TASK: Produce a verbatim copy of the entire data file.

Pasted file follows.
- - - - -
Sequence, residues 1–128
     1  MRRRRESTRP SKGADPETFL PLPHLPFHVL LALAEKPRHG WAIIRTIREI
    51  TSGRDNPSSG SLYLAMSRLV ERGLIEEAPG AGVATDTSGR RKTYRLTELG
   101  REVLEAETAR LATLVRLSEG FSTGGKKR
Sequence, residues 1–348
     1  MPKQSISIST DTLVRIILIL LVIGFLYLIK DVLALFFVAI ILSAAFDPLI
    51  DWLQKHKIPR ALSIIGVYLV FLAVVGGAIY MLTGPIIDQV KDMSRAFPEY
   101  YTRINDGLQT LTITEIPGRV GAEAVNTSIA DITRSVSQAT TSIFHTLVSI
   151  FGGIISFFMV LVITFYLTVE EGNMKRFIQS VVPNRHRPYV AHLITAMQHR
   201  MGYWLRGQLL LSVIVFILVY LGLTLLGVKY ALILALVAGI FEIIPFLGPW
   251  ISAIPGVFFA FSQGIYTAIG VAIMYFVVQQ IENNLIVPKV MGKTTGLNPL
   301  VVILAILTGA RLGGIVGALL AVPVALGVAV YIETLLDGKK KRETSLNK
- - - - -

Sequence, residues 1–128
     1  MRRRRESTRP SKGADPETFL PLPHLPFHVL LALAEKPRHG WAIIRTIREI
    51  TSGRDNPSSG SLYLAMSRLV ERGLIEEAPG AGVATDTSGR RKTYRLTELG
   101  REVLEAETAR LATLVRLSEG FSTGGKKR
Sequence, residues 1–348
     1  MPKQSISIST DTLVRIILIL LVIGFLYLIK DVLALFFVAI ILSAAFDPLI
    51  DWLQKHKIPR ALSIIGVYLV FLAVVGGAIY MLTGPIIDQV KDMSRAFPEY
   101  YTRINDGLQT LTITEIPGRV GAEAVNTSIA DITRSVSQAT TSIFHTLVSI
   151  FGGIISFFMV LVITFYLTVE EGNMKRFIQS VVPNRHRPYV AHLITAMQHR
   201  MGYWLRGQLL LSVIVFILVY LGLTLLGVKY ALILALVAGI FEIIPFLGPW
   251  ISAIPGVFFA FSQGIYTAIG VAIMYFVVQQ IENNLIVPKV MGKTTGLNPL
   301  VVILAILTGA RLGGIVGALL AVPVALGVAV YIETLLDGKK KRETSLNK